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  2. Okay, I must have missed the other post, because this is one of my favorite movies of all time. I've only ever read the play, never seen it performed.

    My dad took me to see it for my 21st birthday, which was, like, um,... yesterday. Yes.

    Anyway, It was playing on a college campus. Before the film, we're sitting in the auditorium, and some of the students grabbed fliers, some kind of advert for other films. Pretty soon, there were paper airplanes flying all over the place. Fifty? Sixty? A lot, anyway.

    During the paper airplane scene in the movie, the crowd went nuts. There's Hamlet, doing his "To be or not to be," Gary Oldman's paper airplane whizzing by Hamlet's head, and hundreds of paper airplanes flying through the auditorium. It was like Rocky Horror meets Shakespeare. It was perfect.

    My favorite quote: Denmark's a prison, and he'd rather live in a nutshell." I love, love, love this movie.

    Love, love, love.

    ReplyDelete
  3. I am glad to be back, drinking a cup of coffee, and to read your blog once again.

    ReplyDelete
  4. This is my movie.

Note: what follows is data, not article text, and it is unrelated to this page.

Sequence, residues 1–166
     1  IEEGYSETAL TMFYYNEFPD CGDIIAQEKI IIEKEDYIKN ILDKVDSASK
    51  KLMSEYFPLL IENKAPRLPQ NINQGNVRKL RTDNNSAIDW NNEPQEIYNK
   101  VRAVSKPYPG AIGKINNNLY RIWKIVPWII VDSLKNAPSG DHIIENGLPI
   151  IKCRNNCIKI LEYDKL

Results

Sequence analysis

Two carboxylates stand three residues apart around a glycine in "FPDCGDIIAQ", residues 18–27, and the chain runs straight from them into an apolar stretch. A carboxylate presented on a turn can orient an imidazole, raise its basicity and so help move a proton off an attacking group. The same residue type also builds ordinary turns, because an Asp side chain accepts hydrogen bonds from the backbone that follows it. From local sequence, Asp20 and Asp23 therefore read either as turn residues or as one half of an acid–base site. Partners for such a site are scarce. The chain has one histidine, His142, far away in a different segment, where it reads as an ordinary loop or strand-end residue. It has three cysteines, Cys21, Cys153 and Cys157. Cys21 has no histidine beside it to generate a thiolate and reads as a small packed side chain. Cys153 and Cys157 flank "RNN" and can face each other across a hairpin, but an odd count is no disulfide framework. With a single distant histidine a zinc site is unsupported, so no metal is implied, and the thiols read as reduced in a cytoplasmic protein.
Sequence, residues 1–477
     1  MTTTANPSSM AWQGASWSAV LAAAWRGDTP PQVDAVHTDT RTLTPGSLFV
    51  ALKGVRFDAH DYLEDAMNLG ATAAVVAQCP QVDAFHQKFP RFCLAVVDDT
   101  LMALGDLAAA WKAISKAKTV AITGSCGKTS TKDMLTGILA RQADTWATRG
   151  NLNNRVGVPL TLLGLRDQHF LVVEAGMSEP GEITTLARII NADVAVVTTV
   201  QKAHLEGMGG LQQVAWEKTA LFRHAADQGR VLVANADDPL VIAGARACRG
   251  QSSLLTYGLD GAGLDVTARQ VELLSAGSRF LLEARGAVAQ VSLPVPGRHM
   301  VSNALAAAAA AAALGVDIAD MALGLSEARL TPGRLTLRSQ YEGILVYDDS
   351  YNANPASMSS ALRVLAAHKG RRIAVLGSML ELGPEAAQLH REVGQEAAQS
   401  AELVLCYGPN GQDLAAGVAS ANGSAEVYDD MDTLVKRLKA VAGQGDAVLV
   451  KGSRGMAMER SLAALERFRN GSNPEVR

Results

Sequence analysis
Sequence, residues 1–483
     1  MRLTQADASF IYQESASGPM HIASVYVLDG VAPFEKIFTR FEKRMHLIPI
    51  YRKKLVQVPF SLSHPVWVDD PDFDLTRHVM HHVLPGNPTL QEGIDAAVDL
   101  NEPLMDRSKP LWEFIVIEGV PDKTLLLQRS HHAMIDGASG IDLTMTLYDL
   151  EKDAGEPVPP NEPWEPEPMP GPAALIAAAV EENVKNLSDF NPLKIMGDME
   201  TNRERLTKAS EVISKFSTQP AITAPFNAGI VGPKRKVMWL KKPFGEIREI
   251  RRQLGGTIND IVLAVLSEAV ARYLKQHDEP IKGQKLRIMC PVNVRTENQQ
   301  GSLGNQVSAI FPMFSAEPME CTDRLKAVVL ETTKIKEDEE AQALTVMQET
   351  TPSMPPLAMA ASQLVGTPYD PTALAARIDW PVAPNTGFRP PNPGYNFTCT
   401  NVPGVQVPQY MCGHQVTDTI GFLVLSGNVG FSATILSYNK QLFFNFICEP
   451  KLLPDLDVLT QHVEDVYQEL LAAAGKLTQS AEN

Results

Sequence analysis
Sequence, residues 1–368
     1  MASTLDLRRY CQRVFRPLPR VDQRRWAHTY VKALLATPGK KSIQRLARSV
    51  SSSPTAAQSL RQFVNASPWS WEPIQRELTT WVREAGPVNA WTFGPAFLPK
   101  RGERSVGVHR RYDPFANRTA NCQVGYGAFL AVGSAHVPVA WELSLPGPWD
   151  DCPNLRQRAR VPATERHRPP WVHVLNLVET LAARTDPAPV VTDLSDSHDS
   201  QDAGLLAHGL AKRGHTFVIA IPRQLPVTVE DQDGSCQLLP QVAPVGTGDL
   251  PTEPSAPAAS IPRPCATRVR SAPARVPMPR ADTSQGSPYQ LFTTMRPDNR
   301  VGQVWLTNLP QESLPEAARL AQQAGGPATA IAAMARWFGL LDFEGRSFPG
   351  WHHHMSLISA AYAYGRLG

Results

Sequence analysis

No, you don't get it. This is my MOVIE. I worship this movie. For ages, I've been trying to find someone to play Questions with me, and nobody will. How disheartening.

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  5. Ryan: Nice :p but since you didn't put the title (purposefully or otherwise) it's still up for grabs!

    Annaliterally: So jealous! The bit with the paper planes syncing up with the movie's paper plane sounds especially awesome. Must've been EPIC!

    Marilyn: And you know I'm always happy to see you pop back in :)

    Simon: I try to force my brother to play questions with me. It never ends well. If we were facebook friends we could play it on facebook chat. Just saying :p

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  6. Great to see this movie getting some love. I put this in my recent Richard Dreyfuss top 10.

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  7. Dan: It's almost painfully underrated